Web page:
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An Eastern Iowa town where you don’t see signs of Hawkeyes: Hawkeye
Northeast Iowa town was called Hawkeye before Hawkeyes were cool in this state
HAWKEYE — I once would have defied you to find a town in Eastern Iowa without a Tigerhawk logo to be seen.
Be it on mailboxes, driveway basketball backboards, or bumpers of pickup trucks, the University of Iowa’s Tigerhawk is as ubiquitous in our state as cornfields, cows and Casey’s.
Except in Hawkeye.
I came to this northeast Iowa city of 428 or so people last week for the first time. With family roots in Fayette County, I had long-known a town with that name existed. Each time I heard its name, I wondered if Hawkeye was gung-ho about the Iowa Hawkeyes.
So I made the 74-mile drive from Cedar Rapids to the town nine miles west of West Union (No, that doesn’t make it Western Union.) Once in Hawkeye, I stopped in Jimmy D’s, the self-proclaimed “Best Damn Bar in the Land.”
Jimmy D’s has over 20 photos and images of Marilyn Monroe on the walls. But unlike so many bars across our region, there was nothing related to the Iowa Hawkeyes. Maybe someday I’ll go to Monroe, Iowa.
A short walk down Main Street from Jimmy D’s is Diane’s Cafe, where a total stranger was greeted warmly.
“The sun is shining!” Diane Ungerer told him, and indeed it was.
I had an $8 lunch special that perhaps was Iowan as Iowan gets, Minute steak, fried potatoes, corn, jello. It was simple, but superb. Cherry, lemon, peach and rhubarb pie were available, too.
Diane’s has been in business since 1981. Diane uses locally produced food, and has grown plenty of it herself. Her husband Dave helps her in the cafe. The “family table” in the center of the restaurant is where locals gather as much as anywhere in town.
“Don’t tell anybody, but this is a holdup,” one regular said as he has entered the cafe. He wasn’t persuasive, and not even the stranger panicked.
A sign on Diane’s walls says “Relax, we’re all crazy. It’s not a competition!” In another area, dozens of family photos are posted. There may not have been room for a Tigerhawk even had one been desired. I think I covered the whole town, and saw no such logo.
I asked a few people working on their lawns or stationed at the Gas ‘N Goods store how Hawkeye got its name. No one knew. I asked a gent in the store if the town had more Iowa fans than those of Iowa State, and he said “Fifty-fifty. There’s UNI here, too.”
A trip to the building that houses Hawkeye’s city hall and public library didn’t produce the answer, either. Nonetheless, it’s a very nice library for a town of that size.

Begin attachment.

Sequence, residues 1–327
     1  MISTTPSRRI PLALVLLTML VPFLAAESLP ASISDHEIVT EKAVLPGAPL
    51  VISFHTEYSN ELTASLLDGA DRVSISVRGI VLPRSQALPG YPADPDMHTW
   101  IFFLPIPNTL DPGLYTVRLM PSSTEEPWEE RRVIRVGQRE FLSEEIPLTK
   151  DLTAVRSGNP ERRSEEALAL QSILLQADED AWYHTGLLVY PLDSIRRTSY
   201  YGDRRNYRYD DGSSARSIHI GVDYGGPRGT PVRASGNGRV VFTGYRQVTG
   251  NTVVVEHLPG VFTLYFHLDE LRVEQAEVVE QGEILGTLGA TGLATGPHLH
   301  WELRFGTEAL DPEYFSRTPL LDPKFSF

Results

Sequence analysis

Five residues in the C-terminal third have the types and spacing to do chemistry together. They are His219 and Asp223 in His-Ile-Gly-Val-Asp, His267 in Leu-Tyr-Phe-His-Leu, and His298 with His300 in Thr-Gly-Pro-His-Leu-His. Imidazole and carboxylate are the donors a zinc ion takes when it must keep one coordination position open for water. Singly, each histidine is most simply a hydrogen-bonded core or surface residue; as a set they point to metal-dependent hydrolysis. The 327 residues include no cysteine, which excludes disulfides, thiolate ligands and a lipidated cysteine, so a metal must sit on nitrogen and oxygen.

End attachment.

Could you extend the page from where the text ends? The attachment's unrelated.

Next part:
Finally, I stopped by K & K Gardens, a family-owned, fairly extraordinary retail garden nursery in town covering nearly two acres. It says it has over 40,000 plants, and that may be a conservative estimate.
I took one last stab and asked an employee there if he knew how Hawkeye got its name. He didn’t, but offered to let me look at a booklet written for Hawkeye’s 1970 centennial celebration by Mrs. John W. Graham. Voila!
Hawkeye was settled in 1870, but wasn’t incorporated until 1895. It was called Windsor Township when Civil War veterans started to move there. Mrs. Graham wrote that the West Union postmaster asked his brother for a decision regarding renaming Windsor’s new post office. He chose the name Hawk Eye.
In 1992, the post office changed the spelling from Hawk Eye to Hawkeye. The name, as near as I can tell, was a tribute to Iowa being the Hawkeye State.
Cyclone fans get bent out of shape when you call Iowa that. However, it was designated as the Hawkeye State long before the University of Iowa even had a football team, let alone a nickname for it.
It’s widely believed Iowans gravitated to the name “Hawkeye” because of the character of that name in James Fenimore Cooper’s 1826 novel, “The Last of the Mohicans.”
Hawkeye the tiny town is like so many others in Iowa. It doesn’t look like a lot now, but oh, it has a past. There was a hotel here, and an opera house, and a barbershop inside a pool hall.
At Doty’s Up-To-Date Store, you could have bought jewelry or sewing machines or even a piano.
I wish the town had kept the name Hawk Eye, though. And wouldn’t the Iowa Hawkeyes sound tougher if they were the Hawk Eyes?
Maybe it’s for the best that they aren’t. Can you imagine that logo?
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